Four Years at the Mount
MSM Class of 2014
Change at the Mount? Iíd like to think that nothing can change this little university on the side of the mountain. I would like to believe that the only thing that changes are the students that walk on its campus for four years, but I would be wrong.
The Mount has definitely kept its charm, but itís so beautiful that I donít want a single finger to touch it. I think itís perfect as it is. If it were up to me, Iíd keep the rolling green fields as farmers from a hundred years ago made them. I wouldnít fill it with giant solar panels that collect energy for something. I would keep the rustic and worn
down Honors Lounge where my dad used to have a beer at the bar with friends twenty years ago, and not convert it into another dorm for the ever growing number of freshmen. I wouldnít have converted Purcell which once had a fireplace and a carpet for cozy, winter afternoons into a club for half naked and letís say, not-sober kids to dance in. I would have kept the libraryóthe
one place on campus where silence was welcomedójust that, silent.
But if thereís something I had to learn since coming here, itís that change is good. Jacques Philippe says in "Interior Freedom" that if we cease changing, if we cease growing, then we stop living. I want to dedicate the rest of this article to my oldest sister, Kathy, whoís going to receive her diploma and a lot of change in two weeks.
For those like me, change is normally something that I avoid. It can stem from choices that we must make, but more often than not it comes from something that leaves no choice. Oftentimes, according to this Philippe fellow, there are fundamental features in our lives that we never choose at all like our parents or our sex. And thereís something to be
said about that. But Iím limited to a thousand words. The fear of change, for me at least, comes from my fear of making decisions.
But whatís great is to know that God has our interests in mind, Kathy. Heís not going to drastically change something that we canít live with or without. So we have to be open to Godís will, which is hard, obviously. Being receptive to His will is also kind of scary because we are afraid that Christ is going to whisper, "Great. Now that you are finally
listening, I want you to go to the jungles of Africa and evangelize." But He wonít ask something of us that will make us forever miserable. "You are precious in my eyes, and honored, and I love you" (Isaiah 43:4). Does that sound like a God who is going to ask us to live miserable lives forever? No, but we still need to trust Him because He knows what is best for us. We
arenít all called to be heroes, missionaries, and warriors, but we are all called to be saints. A saint is the stuff of legends.
But I love moments when time ceases moving forward, and a midnight with friends is just that. When my friends have a dance party late at night and the guys in their ties form a brotherhood line and do the can-can. When at 2 a.m., we find ourselves at the Lincoln Diner in Gettysburg, rolling our eyes at the drunk woman hitting on our guy friends, and
then minutes later they are slurping syrup from a spoon. When change is in the back of my mind and a choice is just something to be made down the road. And Kathy is right there next to me throughout it all.
But sheís graduating this month and is about to walk across a stage for the final time. It was a long journey for her, and my sister is leaving the Mount a completely different person than the one she entered it. Kathy has kept her laugh (though in sisterly mockery, I call it her cackle), and her faith has strengthened tremendously. Mostly our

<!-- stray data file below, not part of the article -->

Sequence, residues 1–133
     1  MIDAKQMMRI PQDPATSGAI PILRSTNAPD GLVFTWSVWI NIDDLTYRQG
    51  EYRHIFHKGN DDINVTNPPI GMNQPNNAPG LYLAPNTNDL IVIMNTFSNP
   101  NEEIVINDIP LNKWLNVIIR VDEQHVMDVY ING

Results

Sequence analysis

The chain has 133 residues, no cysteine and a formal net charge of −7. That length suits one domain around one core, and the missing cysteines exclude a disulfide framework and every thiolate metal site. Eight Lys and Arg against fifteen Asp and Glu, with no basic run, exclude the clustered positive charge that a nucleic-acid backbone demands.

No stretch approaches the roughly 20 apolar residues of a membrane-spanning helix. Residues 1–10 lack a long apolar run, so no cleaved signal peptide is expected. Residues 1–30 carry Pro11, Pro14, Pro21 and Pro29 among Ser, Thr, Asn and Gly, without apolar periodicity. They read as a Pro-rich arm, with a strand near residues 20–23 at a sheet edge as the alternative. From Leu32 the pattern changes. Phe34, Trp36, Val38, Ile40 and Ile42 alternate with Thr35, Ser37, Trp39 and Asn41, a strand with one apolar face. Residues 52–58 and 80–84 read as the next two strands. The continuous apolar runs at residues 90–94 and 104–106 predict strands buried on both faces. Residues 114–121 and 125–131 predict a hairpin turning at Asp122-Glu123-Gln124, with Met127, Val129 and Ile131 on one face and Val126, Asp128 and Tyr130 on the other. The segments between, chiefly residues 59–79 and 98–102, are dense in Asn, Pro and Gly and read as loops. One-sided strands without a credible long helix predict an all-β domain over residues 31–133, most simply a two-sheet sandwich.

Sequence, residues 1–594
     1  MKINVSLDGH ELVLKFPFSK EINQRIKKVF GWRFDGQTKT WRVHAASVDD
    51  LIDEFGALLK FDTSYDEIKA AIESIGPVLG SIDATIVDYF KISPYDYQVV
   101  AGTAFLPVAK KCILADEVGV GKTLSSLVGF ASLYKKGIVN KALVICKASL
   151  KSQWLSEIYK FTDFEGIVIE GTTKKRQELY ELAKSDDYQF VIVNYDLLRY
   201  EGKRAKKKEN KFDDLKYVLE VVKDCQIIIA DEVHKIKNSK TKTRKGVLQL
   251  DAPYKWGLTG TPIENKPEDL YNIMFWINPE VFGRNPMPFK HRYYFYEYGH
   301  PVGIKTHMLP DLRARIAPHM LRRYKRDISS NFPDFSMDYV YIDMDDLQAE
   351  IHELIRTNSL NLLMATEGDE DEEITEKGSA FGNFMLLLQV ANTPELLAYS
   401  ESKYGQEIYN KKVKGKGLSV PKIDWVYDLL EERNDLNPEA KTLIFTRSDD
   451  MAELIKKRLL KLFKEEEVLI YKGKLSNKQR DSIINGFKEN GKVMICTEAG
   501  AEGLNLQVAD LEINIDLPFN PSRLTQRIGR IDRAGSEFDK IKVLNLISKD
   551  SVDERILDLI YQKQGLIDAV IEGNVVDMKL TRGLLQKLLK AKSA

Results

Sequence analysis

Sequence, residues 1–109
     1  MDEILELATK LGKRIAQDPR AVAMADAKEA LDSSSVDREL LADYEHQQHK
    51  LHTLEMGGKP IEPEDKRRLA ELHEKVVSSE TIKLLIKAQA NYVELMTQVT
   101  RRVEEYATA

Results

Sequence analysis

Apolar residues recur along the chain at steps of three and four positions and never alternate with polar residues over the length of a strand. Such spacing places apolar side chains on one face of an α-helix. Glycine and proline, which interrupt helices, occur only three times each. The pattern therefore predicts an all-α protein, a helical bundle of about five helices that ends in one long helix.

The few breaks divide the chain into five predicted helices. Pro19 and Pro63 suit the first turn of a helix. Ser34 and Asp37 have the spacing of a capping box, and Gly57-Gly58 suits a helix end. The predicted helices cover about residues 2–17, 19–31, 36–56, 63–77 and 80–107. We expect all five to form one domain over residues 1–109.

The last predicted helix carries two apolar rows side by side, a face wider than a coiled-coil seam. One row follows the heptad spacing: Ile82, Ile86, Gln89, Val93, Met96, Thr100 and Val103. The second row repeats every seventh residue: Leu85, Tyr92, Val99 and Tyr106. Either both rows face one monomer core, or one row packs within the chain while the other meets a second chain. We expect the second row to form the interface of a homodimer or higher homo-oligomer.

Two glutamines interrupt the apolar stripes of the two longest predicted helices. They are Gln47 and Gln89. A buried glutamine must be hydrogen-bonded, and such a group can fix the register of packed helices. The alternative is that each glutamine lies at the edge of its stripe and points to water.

relationship has changed once we started sharing the same friends, and we still fall on each other as safety zones at parties or whatever, but our independence has grown enormously as well. Weíve each become our own woman.
I canít believe that after twenty-one years together, after all weíve been through, that she is about to start another bigger adventure without me. We had Daddy snuggle with us each Sunday night, and we stood on the front porch and cried together when we watched the same Daddy leave for Iraq. We suffered through miserable years of high school together,
each putting on a false smile for the other to get the other one through it. I like how we are honest about school now, though, and genuinely love it, and how we went from twirling little girls in lacey dresses singing "God Bless the Outcasts," to her punching out half of my tooth, to super late nights out, to finding ourselves kissing the Blarney Stone, to recent license
excitementÖall of this with change interwoven between.
Not many sisters go to the same college, but without her guidance through these two years Iíve had here I probably wouldnít have half the friends I do now. And these past two years together have been our best. I think the main way I made friends my first few months last year was by being associated with her. She was the one who nudged me out of my
comfort zone. I donít tell her Iím thankful enough for even the dumbest of our memories.
Kathy, I could never be the oldest sister, not with all the careless things I do without considering others in my actions, but you are able to balance freedom and family, unlike me. Itís beautiful how much you care for us. Concerning your heart, remember Danteís words: "In His will is our peace." By submission, we are free. You donít need a diamond,
and you donít need a life plan because the present moment is the point of time that touches eternity. Your knees are already worn, but keep pouring out your heart to Christ. People should be thoroughly honored to be your friend, to be a part of your life, and I donít know what I would have done if you werenít my voice for the years when I was petrified to whisper. Mostly, I
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